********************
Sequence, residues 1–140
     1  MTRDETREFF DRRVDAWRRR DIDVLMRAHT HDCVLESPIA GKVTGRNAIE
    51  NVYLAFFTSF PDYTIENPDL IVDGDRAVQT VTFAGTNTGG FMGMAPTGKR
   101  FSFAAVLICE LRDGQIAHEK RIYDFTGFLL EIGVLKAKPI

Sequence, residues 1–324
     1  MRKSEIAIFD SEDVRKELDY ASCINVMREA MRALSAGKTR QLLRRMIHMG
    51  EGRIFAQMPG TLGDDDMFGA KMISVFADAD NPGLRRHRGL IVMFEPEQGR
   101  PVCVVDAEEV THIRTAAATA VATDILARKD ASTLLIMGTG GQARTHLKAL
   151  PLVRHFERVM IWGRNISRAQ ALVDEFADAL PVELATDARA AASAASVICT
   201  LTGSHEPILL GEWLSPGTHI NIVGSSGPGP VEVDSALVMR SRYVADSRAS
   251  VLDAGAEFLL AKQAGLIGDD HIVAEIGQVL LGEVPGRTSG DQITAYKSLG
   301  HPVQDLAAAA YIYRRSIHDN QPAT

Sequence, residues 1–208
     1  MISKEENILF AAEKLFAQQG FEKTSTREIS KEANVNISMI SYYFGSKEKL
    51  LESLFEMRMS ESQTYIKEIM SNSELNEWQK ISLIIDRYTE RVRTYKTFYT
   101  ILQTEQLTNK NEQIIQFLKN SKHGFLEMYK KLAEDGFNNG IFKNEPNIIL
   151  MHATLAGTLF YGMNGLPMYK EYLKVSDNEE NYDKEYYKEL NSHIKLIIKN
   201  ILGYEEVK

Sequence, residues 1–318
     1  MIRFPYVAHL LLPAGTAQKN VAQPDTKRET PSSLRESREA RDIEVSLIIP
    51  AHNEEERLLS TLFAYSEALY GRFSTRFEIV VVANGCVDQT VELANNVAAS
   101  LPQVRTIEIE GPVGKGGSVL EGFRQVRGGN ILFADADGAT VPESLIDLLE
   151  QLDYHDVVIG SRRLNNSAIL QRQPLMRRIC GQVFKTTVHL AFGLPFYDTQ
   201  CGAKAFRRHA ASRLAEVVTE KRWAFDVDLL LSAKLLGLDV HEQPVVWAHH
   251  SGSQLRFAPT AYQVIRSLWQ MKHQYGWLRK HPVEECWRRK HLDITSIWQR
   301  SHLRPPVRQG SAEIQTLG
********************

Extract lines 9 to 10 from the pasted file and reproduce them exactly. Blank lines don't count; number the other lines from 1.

   151  PLVRHFERVM IWGRNISRAQ ALVDEFADAL PVELATDARA AASAASVICT
   201  LTGSHEPILL GEWLSPGTHI NIVGSSGPGP VEVDSALVMR SRYVADSRAS